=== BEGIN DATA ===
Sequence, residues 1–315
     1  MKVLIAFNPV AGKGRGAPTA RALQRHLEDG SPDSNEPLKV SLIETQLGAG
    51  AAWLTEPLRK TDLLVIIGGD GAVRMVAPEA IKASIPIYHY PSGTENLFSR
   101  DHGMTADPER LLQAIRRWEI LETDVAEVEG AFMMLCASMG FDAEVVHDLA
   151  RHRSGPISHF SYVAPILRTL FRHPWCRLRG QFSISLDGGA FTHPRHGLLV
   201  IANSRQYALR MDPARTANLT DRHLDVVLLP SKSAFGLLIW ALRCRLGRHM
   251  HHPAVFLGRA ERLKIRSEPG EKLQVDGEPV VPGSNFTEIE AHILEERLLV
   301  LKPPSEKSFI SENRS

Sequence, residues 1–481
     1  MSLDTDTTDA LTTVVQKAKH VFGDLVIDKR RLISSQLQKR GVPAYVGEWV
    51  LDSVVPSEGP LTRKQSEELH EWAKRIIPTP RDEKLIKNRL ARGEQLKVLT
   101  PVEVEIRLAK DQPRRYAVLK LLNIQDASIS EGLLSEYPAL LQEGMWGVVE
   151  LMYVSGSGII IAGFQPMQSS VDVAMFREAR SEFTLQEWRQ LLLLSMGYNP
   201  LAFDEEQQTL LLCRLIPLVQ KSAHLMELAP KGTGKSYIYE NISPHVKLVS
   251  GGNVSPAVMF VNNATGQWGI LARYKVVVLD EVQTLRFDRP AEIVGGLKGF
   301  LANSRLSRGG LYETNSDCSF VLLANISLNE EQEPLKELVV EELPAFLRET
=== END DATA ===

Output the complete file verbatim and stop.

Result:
Sequence, residues 1–315
     1  MKVLIAFNPV AGKGRGAPTA RALQRHLEDG SPDSNEPLKV SLIETQLGAG
    51  AAWLTEPLRK TDLLVIIGGD GAVRMVAPEA IKASIPIYHY PSGTENLFSR
   101  DHGMTADPER LLQAIRRWEI LETDVAEVEG AFMMLCASMG FDAEVVHDLA
   151  RHRSGPISHF SYVAPILRTL FRHPWCRLRG QFSISLDGGA FTHPRHGLLV
   201  IANSRQYALR MDPARTANLT DRHLDVVLLP SKSAFGLLIW ALRCRLGRHM
   251  HHPAVFLGRA ERLKIRSEPG EKLQVDGEPV VPGSNFTEIE AHILEERLLV
   301  LKPPSEKSFI SENRS

Sequence, residues 1–481
     1  MSLDTDTTDA LTTVVQKAKH VFGDLVIDKR RLISSQLQKR GVPAYVGEWV
    51  LDSVVPSEGP LTRKQSEELH EWAKRIIPTP RDEKLIKNRL ARGEQLKVLT
   101  PVEVEIRLAK DQPRRYAVLK LLNIQDASIS EGLLSEYPAL LQEGMWGVVE
   151  LMYVSGSGII IAGFQPMQSS VDVAMFREAR SEFTLQEWRQ LLLLSMGYNP
   201  LAFDEEQQTL LLCRLIPLVQ KSAHLMELAP KGTGKSYIYE NISPHVKLVS
   251  GGNVSPAVMF VNNATGQWGI LARYKVVVLD EVQTLRFDRP AEIVGGLKGF
   301  LANSRLSRGG LYETNSDCSF VLLANISLNE EQEPLKELVV EELPAFLRET